Feb 19, 2010

Iranian Kurdistan: Rising Conflict in Iranian Kurdistan

Sample ImageContinuing human rights abuses in Iran seem to go relatively unnoticed.
Below is an article published by Kurdish Herald:

One of the most under-reported human rights issues in Iran is the current state of Kurdish political prisoners, and in particular, the current eighteen political prisoners who are on death row and may be facing imminent execution. Unfortunately, serious consequences and escalated conflict may be imminent if the conditions continue to be ignored.

While a few of the individuals on death row such as Farzad Kamangar, Zeynab Jalaliyan and Habibollah Latifi, have received some international attention, most of the Kurdish political prisoners facing execution are virtually unknown. There are currently eighteen Kurdish political prisoners on death row, two of whom are women. All of these individuals were subjected to torture and “tried” behind closed doors in sham trials, and in most cases, without the presence of their lawyers.

In the past two months, two Kurdish political activists have been executed by the Islamic Regime of Iran (IRI).

A young Kurdish activist, Ehsan Fatahiyan, was the first to be executed on 11 November 2009. In the weeks leading up to his execution, a number of international and national campaigns were initiated in order to try to pressure IRI authorities not to carry out the execution. According to his lawyer, Fatahiyan underwent torture during his incarceration and IRI authorities were regularly using brutal torture tactics in order to force Fatahiyan to confess. Fatahiyan, however, refused to confess to the allegations against him and was subsequently executed.

In his last letter before being executed, Fatahiyan wrote: “If the rules and oppressors think that, with my death the Kurdish question will go away, they are wrong…they will only add to the flame of this fire.”

Fatahiyan’s letter may have generated some anxiety among government officials in the IRI. Certainly his words seemed to foretell the violent clashes that ensued days after his execution between protestors in the Kurdistan province and riot police. Lawmakers in Iran sent a letter to the judiciary following Fatahiyan execution warning the judicial authority about the risks of further alienating the ethnic Kurdish population. However, the warnings were not heeded and IRI authorities continued to carry out the sentences handed down by the courts.

On 6 January 2010, another young Kurdish activist Fasih Yasamani was executed in the city of Saqqez. Yasamani was 28 years old and was convicted in a show trial of being a member of the Kurdish rebel group, Party for a Free Life in Kurdistan (PJAK). Similar to Fatahiyan, Yasamani underwent brutal torture while in the custody of authorities, and according to his lawyer, had been forced to give a confession about the allegations against him.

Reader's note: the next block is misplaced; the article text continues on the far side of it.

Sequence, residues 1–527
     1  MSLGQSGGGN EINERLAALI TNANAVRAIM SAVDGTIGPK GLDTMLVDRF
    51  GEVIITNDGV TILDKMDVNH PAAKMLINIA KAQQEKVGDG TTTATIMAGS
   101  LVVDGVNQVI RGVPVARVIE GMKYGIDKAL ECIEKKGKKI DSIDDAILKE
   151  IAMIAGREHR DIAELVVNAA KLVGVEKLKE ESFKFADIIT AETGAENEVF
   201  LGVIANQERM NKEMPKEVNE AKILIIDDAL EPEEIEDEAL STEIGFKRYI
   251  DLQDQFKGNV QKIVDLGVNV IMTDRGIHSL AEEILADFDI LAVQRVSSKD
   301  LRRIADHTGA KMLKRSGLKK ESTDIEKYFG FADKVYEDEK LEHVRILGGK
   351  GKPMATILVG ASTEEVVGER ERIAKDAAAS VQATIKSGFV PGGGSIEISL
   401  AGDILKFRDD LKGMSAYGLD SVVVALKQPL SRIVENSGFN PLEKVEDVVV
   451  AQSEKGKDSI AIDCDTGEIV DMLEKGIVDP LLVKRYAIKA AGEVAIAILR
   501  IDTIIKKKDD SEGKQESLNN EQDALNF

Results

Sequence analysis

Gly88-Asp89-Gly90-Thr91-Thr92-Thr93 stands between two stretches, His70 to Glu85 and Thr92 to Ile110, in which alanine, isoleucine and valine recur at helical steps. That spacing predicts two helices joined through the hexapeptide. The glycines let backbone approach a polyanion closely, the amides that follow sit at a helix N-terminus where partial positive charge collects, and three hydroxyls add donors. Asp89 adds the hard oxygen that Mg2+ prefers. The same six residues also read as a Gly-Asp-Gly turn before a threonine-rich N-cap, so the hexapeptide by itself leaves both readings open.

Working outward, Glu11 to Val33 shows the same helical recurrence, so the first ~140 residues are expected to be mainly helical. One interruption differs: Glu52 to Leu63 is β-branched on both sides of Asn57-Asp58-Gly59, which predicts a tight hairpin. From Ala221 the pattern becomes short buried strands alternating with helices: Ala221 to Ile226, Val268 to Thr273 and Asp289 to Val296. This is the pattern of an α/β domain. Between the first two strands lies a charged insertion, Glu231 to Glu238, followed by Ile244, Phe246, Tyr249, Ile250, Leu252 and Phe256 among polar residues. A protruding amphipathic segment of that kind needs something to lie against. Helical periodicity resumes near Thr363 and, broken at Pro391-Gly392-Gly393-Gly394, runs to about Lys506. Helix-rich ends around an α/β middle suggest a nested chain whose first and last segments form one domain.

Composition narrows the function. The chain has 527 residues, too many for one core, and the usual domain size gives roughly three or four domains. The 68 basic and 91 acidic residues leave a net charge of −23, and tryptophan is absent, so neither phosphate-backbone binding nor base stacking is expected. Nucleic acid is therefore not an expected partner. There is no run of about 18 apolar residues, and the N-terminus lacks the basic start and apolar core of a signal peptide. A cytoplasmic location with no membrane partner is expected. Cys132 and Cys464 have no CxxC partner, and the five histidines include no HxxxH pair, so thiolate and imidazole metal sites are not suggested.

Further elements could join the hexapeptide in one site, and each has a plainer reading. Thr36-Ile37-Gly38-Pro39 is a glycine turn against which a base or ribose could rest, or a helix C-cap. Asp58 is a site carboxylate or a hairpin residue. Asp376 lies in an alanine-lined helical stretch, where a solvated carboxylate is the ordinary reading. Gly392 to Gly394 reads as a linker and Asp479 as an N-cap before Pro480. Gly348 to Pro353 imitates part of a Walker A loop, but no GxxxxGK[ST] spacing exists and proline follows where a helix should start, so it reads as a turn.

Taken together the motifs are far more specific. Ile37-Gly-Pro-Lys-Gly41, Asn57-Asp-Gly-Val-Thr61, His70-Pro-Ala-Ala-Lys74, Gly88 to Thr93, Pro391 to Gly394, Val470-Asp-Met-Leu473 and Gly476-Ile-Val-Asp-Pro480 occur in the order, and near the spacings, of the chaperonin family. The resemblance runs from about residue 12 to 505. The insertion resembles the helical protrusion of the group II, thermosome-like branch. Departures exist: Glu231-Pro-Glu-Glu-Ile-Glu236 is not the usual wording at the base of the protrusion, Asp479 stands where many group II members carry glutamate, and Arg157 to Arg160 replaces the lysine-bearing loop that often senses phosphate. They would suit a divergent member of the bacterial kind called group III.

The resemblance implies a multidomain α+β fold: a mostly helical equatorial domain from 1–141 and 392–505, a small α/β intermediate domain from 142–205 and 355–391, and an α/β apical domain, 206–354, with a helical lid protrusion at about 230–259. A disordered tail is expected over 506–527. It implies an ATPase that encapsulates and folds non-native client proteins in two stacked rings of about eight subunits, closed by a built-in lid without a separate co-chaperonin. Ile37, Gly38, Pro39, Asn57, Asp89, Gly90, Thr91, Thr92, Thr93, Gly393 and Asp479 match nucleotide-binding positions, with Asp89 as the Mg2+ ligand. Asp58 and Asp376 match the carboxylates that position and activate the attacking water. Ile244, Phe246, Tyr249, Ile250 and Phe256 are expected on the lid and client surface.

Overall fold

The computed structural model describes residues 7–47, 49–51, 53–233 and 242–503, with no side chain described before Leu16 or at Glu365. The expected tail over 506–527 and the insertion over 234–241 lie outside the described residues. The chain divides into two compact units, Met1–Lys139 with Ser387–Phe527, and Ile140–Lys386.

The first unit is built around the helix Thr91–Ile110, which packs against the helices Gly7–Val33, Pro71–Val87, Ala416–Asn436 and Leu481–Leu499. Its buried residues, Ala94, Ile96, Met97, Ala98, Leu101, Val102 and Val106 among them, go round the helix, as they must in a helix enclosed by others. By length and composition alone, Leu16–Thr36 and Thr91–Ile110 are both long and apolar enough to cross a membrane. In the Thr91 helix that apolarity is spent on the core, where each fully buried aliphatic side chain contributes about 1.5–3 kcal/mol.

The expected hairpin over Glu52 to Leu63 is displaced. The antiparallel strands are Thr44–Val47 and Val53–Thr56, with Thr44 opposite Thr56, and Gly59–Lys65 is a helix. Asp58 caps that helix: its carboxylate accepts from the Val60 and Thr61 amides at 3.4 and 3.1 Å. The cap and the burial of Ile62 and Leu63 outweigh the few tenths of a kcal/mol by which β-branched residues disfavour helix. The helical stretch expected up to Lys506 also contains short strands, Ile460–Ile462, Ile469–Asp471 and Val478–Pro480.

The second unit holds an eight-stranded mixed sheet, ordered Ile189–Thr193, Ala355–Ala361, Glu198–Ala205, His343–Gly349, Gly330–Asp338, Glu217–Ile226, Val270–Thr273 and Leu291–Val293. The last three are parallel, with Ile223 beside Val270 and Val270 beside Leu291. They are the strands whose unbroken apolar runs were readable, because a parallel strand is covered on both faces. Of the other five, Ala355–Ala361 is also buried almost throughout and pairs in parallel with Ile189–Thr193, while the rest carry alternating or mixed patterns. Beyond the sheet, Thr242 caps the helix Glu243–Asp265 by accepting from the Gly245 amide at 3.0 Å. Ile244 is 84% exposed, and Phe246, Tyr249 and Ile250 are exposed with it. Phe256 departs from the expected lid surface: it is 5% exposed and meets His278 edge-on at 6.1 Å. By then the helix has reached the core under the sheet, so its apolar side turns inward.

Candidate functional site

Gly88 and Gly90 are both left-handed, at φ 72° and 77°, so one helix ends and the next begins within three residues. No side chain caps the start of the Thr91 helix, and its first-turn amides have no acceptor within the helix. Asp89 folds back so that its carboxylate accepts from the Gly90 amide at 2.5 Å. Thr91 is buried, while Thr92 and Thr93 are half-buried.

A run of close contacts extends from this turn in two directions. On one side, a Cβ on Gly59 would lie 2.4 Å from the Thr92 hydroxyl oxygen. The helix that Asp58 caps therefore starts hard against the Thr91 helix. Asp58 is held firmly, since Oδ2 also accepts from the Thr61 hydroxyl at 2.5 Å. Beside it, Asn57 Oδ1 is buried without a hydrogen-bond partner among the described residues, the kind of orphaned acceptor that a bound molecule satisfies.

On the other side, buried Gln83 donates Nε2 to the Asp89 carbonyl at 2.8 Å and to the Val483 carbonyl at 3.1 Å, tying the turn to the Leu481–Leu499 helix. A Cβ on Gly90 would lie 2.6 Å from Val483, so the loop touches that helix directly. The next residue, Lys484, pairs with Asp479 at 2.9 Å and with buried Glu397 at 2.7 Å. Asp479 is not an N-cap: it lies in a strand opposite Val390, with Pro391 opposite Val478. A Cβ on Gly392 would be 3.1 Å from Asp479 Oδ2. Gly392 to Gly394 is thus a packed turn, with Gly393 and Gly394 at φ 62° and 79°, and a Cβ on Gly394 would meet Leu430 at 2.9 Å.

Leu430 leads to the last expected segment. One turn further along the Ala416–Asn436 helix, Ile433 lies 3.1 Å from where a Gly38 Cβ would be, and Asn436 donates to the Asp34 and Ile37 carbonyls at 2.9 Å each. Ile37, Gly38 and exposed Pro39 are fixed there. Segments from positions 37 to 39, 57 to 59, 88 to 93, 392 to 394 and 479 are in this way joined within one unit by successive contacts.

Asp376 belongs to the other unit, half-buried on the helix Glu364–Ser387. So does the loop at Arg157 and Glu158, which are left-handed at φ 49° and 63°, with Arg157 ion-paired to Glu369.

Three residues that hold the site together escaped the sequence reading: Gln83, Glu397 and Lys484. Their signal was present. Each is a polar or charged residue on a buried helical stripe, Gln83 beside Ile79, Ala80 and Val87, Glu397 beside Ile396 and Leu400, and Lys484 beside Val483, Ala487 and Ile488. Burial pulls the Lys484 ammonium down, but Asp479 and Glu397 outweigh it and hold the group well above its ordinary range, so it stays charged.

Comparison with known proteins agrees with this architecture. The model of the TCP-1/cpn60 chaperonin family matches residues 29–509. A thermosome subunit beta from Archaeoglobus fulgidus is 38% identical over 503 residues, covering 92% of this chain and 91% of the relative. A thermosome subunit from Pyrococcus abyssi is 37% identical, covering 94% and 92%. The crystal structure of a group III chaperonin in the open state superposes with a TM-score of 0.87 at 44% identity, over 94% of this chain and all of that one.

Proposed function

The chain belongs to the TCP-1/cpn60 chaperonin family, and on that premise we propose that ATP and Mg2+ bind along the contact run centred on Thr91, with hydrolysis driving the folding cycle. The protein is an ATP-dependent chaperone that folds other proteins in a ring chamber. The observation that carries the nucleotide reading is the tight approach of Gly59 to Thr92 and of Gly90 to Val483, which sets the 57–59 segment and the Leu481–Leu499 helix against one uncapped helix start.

Civil unrest in Iran has been a frequently reported news story in the last year. For Kurds, unrest in Iran is all but a new phenomenon as the Kurdish regions have been the constant hotspot for clashes between people and the regime despite often going unreported due to a number of circumstances. However, the risk that the clashes and violence may raise to much higher levels as a result of the executions of peaceful Kurdish activists is troublesome. Already, an active Kurdish rebel party has stepped up its attacks. Last week, PJAK rebels took responsibility for the assassination of an Iranian prosecutor, Vali Haji Gholizadeh. Gholizadeh was infamously known by Kurds for demanding lengthy prison terms and executions for political prisoners. He was also the prosecutor who had asked for the death sentence of Yasamani.

There is great concern that this recent assassination may lead to a backlash by the IRI and more executions of Kurdish political prisoners. Although there have been numerous assassinations of judges and religious figures in Iranian Kurdistan in the recent months, this is the first time that PJAK has taken responsibility for an assassination. The executions of activists by the IRI may only further generate support for and empower groups like PJAK. The impact of repression on conflict is certainly not a new concept. The result may be an increased propensity for rebellion in the Kurdish regions and an influx of support for armed resistance.